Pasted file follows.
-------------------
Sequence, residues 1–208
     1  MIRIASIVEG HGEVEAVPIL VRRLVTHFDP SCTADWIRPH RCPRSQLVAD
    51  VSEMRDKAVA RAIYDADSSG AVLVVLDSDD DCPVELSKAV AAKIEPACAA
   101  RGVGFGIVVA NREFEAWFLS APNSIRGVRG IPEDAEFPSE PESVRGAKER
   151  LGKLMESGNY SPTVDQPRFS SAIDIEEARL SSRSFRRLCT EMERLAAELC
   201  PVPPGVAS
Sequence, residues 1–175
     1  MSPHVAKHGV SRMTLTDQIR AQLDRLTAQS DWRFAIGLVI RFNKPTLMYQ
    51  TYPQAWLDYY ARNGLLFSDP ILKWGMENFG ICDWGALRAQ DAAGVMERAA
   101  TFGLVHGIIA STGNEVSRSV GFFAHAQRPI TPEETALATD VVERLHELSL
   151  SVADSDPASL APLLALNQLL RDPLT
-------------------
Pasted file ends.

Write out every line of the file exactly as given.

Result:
Sequence, residues 1–208
     1  MIRIASIVEG HGEVEAVPIL VRRLVTHFDP SCTADWIRPH RCPRSQLVAD
    51  VSEMRDKAVA RAIYDADSSG AVLVVLDSDD DCPVELSKAV AAKIEPACAA
   101  RGVGFGIVVA NREFEAWFLS APNSIRGVRG IPEDAEFPSE PESVRGAKER
   151  LGKLMESGNY SPTVDQPRFS SAIDIEEARL SSRSFRRLCT EMERLAAELC
   201  PVPPGVAS
Sequence, residues 1–175
     1  MSPHVAKHGV SRMTLTDQIR AQLDRLTAQS DWRFAIGLVI RFNKPTLMYQ
    51  TYPQAWLDYY ARNGLLFSDP ILKWGMENFG ICDWGALRAQ DAAGVMERAA
   101  TFGLVHGIIA STGNEVSRSV GFFAHAQRPI TPEETALATD VVERLHELSL
   151  SVADSDPASL APLLALNQLL RDPLT